Other controversial provisions include:

  • limiting doctors’ ability to ask about guns in the home and prohibiting them from sharing information about gun possession with law enforcement;
  • instituting arduous requirements for those posting gun-free signs;
  • and allowing people who have been convicted of stalking to get a concealed carry permit after three years.”

For more information and/or to get involved in speaking up on this measure, visit: http://www.ncgv.org.

 

Commentary

Tom JensenOne of the nation’s most respected pollsters — Tom Jensen of Raleigh-based Public Policy Polling — is out with some new and encouraging results from the state of Washington that seem likely to be a harbinger for for the nation.

The bottom line: New laws legalizing marijuana, same sex marriage and toughening gun control are all increasingly popular and seen by voters as no big deal. This is from a release distributed yesterday:

“Over the last couple elections voters in Washington legalized gay marriage and marijuana, and enacted background checks on all gun sales. Our newest poll in the state finds that all three of those new laws are even more popular now after being implemented than they were when voters first approved them.

In 2012 Washingtonians voted to approve gay marriage by 8 points. Now voters in the state say they support gay marriage by 20 points, 56/36. 78% of voters say that its being legal has either had a positive impact on their life or no impact at all, with only 22% claiming gay marriage has affected them negatively. Also 65% of voters in the state think gay conversion therapy should be illegal to only 14% who think it should be allowed. Majorities of voters across party lines- 78/6 with Democrats, 63/14 with independents, and 51/27 with Republicans- think conversion therapy should not be allowed.

Also in 2012 Washingtonians voted to legalize marijuana usage by 12 points. Now voters in the state say they support marijuana being legal by 19 points, 56/37. 77% of voters say marijuana being legal has either had a positive impact on their life or no impact at all, with likewise only 22% claiming marijuana legalization has affected them negatively.

Just last fall Washingtonians voted to legalize background checks on all gun sales by 18 points. Now voters in the state say they support background checks on all gun sales by 44 points, 68/24. 82% of voters in the state say extended background checks have either had a positive or no impact on their lives, while only 18% claim a negative impact. Even among gun owners 78% grant that extended background checks have had no adverse effect on their lives, and they support the policy 61/31.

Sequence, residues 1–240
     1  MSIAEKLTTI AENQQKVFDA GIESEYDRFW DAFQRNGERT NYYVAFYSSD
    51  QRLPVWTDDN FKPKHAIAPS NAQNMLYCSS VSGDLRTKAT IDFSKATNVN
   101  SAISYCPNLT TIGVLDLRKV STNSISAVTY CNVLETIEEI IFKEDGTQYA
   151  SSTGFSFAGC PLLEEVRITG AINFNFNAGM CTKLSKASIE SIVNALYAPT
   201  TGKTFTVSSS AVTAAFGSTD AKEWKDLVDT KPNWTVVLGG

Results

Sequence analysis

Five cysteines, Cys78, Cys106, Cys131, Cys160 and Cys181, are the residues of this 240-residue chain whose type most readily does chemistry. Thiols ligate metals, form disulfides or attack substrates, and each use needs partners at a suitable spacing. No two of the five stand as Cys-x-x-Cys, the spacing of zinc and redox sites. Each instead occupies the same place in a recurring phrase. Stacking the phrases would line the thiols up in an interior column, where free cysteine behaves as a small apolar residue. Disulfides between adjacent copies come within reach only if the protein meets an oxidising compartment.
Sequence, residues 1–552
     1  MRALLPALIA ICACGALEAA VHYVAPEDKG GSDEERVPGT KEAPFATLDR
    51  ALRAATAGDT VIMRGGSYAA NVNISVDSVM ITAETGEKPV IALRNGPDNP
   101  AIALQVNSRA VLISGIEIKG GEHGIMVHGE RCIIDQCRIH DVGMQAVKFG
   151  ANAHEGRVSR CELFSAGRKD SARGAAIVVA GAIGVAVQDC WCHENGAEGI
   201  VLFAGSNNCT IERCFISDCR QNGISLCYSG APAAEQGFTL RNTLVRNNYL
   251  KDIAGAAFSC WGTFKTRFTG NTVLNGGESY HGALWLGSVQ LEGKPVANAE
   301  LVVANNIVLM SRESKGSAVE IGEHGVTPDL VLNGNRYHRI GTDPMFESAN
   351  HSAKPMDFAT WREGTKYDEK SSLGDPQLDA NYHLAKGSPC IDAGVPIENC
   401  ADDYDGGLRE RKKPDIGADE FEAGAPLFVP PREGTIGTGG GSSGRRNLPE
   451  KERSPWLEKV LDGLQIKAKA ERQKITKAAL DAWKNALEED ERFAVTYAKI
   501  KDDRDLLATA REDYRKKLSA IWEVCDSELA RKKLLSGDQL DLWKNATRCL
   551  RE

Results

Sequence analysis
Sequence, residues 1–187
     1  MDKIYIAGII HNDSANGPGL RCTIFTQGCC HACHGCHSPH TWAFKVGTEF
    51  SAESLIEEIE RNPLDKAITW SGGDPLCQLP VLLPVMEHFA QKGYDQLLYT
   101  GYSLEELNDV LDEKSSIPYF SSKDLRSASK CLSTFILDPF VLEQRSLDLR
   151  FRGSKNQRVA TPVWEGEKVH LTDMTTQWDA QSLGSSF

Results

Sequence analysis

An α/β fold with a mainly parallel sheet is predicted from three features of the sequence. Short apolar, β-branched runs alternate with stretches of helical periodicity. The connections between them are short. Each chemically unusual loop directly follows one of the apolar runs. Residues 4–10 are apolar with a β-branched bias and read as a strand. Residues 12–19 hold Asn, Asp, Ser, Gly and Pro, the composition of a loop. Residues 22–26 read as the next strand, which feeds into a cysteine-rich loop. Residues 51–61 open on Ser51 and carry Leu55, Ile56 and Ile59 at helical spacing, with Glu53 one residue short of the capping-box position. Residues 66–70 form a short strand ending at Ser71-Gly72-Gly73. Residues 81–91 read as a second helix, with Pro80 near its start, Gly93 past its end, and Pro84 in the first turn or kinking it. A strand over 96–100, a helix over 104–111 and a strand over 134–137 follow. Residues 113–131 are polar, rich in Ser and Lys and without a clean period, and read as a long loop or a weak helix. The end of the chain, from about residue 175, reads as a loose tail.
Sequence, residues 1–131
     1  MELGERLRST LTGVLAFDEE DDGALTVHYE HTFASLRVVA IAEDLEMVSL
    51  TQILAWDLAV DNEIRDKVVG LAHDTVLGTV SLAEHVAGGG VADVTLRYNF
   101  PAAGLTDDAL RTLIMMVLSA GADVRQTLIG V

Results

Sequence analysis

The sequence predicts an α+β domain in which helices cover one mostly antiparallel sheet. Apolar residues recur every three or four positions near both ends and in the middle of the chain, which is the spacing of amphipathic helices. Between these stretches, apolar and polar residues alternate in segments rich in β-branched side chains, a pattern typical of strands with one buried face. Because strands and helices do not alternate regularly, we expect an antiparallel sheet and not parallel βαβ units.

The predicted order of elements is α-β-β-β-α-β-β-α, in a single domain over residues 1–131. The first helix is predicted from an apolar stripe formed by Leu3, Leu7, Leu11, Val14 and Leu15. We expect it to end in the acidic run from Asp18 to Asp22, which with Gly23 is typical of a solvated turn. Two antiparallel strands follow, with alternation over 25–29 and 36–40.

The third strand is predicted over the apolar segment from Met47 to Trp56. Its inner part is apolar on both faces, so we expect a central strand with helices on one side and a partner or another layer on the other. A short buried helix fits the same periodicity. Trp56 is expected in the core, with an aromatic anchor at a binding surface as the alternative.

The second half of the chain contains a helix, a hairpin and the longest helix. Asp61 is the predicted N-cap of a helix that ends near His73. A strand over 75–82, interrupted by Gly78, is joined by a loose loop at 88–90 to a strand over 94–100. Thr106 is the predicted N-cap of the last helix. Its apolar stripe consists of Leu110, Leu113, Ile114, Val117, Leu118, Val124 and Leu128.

Washington voters were on the leading edge of legalizing gay marriage, marijuana, and extended background checks. And since those policies went in effect the verdict has been no big deal, leading to their increasing popularity.”

Click here for all of the PPP results.

Commentary
Rep. Jacqueline Schaffer

Rep. Jacqueline Schaffer

The folks running the North Carolina General Assembly may decide to buck public opinion yet again in the coming weeks and force through Rep. Jacqueline Schaffer’s legislation to put killing machines in the hands of more dangerous people, but one gets the sense that the momentum to stop such proposals and preserve some of the state’s remaining modest and common sense gun regulations is growing.

Schaffer’s bill is now drawing national attention as is evidenced by the fine op-ed in this morning’s edition of Raleigh’s News & Observer by Prof. Daniel Webster of Johns Hopkins University entitled “Making it easier for criminal to get guns in NC.” Here’s Webster:

“Research indicates that the proposed changes would lead to more violent crime in North Carolina. A study of legal handgun purchasers in California during the period just before the state barred violent misdemeanants from possessing handguns found that violent misdemeanants were roughly 10 times more likely to be arrested for committing a violent crime after purchasing a handgun than were truly law-abiding purchasers. When California changed its law to prohibit persons convicted of violent misdemeanors from having firearms, the newly prohibited group was much less likely to commit violent crime than individuals with similar criminal histories who legally acquired handguns prior to the change in the law.

If you want to know what happens when a state repeals a law requiring background checks for all handguns sales, you can look to the state of Missouri. Read More